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40 Under 40 Europe 2018

Vanessa Carlos

5 September 2018

35 | Founder and Director, Carlos/Ishikawa / Founder, Condo, London, UK

The increasing importance of art fairs and the growth of a select few ‘super galleries’ have created a challenging environment for most commercial dealerships, calling for imaginative solutions to help them stay afloat. One of the few genuinely intelligent responses is Condo, an initiative whereby galleries in different cities across the world collaborate to stage exhibitions in each other’s spaces, exposing their artists to entirely new audiences. Since its first edition in London in 2016, the initiative has expanded to New York, Shanghai, São Paulo and Mexico City, taking in dozens of galleries, both emerging and established. In other words, it has been an unqualified success – a formula so simple that one can’t help wondering why nobody came up with it before.

The brains behind it is São Paulo-born, London-based gallerist Vanessa Carlos, who initially conceived of Condo as a means to surmount her ‘frustration’ with the difficulties of showing artists internationally. ‘Usually it involves a huge amount of cost, and possibly means you become more conservative and allow the artists less room for experimentation,’ she tells me. But there was also a broader ambition: to help traditional galleries draw the spotlight back from art fairs. It’s a subject on which Carlos is bracingly forthright: ‘I think that there are some fairs that are really important, but there are too many that try and tag along on that model – and they can’t deliver. It creates this over-proliferation of fairs, meaning that we end up with a culture of people not going to galleries any more. So I really wanted to do something that brought back the focus to the gallery exhibition.’

Carlos’s own gallery, Carlos/Ishikawa, is one of the more notable venues to have opened in London in the past decade. Representing a diverse roster of artists working across a broad range of media, it has become one of the capital’s go-to venues for imaginative, experiential new art. Its genesis, however, was anything but preordained. Carlos studied fine art and subsequently worked at a number of galleries, including Stuart Shave Modern Art and the Approach, also making time for freelance curatorial projects. Opening her own space had always been an ambition, but the opportunity to do so emerged more or less out of the blue. ‘A childhood friend needed to invest in a business to get a visa,’ Carlos says. ‘So she approached me and I told her that the only thing I’d consider doing was starting a gallery. Her response was: “Fine – let’s do it”’.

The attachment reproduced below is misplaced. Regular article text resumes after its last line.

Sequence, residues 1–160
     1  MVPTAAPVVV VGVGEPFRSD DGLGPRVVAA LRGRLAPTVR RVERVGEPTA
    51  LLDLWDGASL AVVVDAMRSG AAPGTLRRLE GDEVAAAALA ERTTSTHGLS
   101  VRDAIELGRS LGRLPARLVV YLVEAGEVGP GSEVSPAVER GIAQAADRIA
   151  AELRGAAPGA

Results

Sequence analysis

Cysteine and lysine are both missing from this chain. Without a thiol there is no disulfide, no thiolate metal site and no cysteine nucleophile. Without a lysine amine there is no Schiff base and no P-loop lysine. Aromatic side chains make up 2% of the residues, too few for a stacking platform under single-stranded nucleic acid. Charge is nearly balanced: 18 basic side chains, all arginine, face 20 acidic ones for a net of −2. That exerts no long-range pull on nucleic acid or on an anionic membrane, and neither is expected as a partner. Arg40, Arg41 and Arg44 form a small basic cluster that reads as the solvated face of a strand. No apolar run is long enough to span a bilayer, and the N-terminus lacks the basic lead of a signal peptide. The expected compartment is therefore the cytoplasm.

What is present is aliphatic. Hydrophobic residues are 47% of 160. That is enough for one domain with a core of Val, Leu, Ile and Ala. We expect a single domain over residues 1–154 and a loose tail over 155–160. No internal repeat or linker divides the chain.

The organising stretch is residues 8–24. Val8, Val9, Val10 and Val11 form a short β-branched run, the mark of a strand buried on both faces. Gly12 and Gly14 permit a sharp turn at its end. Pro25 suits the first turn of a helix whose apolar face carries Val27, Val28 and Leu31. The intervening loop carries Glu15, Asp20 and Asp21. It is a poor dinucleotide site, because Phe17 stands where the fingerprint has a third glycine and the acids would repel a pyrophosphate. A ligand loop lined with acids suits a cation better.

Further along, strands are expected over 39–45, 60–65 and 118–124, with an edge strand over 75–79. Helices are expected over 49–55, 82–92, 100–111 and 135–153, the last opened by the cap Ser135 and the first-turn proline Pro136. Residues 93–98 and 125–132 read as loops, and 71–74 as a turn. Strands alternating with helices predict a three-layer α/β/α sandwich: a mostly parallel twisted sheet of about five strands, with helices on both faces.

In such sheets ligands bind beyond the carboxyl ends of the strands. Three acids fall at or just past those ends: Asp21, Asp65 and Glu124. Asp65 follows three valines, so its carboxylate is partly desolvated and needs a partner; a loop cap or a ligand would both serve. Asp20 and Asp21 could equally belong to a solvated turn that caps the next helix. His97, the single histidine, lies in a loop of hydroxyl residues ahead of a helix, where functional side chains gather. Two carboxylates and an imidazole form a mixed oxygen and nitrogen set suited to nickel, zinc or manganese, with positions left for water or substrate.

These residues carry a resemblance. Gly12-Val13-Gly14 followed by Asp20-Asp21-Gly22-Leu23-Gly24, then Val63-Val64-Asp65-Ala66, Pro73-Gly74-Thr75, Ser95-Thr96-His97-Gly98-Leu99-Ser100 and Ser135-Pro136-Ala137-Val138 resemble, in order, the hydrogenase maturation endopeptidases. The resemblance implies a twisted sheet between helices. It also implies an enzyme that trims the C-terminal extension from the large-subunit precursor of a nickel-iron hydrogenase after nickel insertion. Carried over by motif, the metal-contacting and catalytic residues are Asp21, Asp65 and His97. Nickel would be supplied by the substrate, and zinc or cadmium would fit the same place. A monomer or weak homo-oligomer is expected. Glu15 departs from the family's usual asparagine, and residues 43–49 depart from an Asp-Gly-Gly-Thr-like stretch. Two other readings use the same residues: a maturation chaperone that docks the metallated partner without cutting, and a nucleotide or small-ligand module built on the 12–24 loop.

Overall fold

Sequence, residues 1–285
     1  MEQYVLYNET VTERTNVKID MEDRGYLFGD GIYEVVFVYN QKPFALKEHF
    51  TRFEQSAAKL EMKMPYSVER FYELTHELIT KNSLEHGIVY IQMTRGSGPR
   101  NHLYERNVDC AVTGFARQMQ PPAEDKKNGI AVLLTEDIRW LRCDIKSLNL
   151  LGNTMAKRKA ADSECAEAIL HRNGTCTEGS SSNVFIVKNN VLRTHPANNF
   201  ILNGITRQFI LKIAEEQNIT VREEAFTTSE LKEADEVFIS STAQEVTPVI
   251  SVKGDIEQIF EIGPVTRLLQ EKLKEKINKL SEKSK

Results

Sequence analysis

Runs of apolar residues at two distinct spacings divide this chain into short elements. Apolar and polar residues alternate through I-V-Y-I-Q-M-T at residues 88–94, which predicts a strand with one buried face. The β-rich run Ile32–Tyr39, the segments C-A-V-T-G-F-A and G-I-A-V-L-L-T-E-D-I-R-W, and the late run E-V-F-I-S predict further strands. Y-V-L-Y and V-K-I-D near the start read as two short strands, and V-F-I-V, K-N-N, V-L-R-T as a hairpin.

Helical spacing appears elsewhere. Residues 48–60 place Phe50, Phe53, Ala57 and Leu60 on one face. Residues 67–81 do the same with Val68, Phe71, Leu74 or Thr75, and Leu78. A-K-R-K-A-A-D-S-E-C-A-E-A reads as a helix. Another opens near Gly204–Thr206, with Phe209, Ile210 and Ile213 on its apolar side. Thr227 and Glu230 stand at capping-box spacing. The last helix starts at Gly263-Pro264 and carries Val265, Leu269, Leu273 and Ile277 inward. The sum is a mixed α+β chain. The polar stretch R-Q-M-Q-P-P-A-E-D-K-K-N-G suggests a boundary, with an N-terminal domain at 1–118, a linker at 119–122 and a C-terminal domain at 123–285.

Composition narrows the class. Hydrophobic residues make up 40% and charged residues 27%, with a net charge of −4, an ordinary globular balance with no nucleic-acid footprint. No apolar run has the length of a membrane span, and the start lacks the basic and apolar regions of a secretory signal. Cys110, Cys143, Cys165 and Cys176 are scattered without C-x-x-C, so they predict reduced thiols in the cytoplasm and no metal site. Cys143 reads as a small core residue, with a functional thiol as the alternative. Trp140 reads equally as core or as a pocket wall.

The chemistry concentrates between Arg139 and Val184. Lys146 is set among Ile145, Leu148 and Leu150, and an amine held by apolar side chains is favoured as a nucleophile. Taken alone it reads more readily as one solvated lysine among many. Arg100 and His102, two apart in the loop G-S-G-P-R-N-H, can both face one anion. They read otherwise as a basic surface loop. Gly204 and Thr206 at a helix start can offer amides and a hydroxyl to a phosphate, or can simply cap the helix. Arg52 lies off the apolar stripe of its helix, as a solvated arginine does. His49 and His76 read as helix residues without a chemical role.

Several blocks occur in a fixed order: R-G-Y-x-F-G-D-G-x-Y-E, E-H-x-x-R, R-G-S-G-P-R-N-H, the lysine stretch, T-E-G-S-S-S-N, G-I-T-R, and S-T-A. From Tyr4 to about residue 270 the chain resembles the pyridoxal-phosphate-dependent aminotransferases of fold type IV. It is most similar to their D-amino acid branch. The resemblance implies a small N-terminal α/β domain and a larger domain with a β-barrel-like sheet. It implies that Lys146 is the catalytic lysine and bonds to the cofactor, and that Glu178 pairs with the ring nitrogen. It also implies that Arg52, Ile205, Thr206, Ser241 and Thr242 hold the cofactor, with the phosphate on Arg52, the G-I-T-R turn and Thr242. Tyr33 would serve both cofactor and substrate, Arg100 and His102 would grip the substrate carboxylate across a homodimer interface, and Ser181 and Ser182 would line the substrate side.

Carlos/Ishikawa finally opened its doors in 2011 just off Mile End Road in east London, an unlovely thoroughfare not especially known as a hotspot for contemporary art. Yet geographical distance from the gallery clusters in Shoreditch, Bethnal Green and central London has not prevented the gallery from earning significant attention, something Carlos in part attributes to the uniquely convivial nature of the city’s art community. ‘Of all the major art centres, London is a kind of sweet spot – it’s big but not too big, like New York, and it’s maybe more energetic than somewhere like Berlin. There’s room for everyone and it feels more communal than other places.’

For all its success, Carlos is adamant that Condo will not expand further. Staging a full-scale iteration in a new city would be ‘exhausting’, and the number of host venues will be kept to a limit. ‘If I’m to understand what’s good about it, I have to face the fact that it’s limited in scale.’ By including around only 20 venues, she thinks, people will try to see everything – any more, and they will tend to visit only the galleries they already know. Similarly, Carlos is committed to maintaining close personal relationships with her artists, and has no grand plans to add significantly to her 12-strong roster, which currently boasts the likes of Ed Fornieles, Richard Sides and performance art duo Lloyd Corporation. Mentioning one international gallery with a huge number of artists on its roster, she poses a question: ‘It stages some amazing shows. But I mean, how often does the artist actually speak to the person whose name is on the door?’

Digby Warde-Aldam

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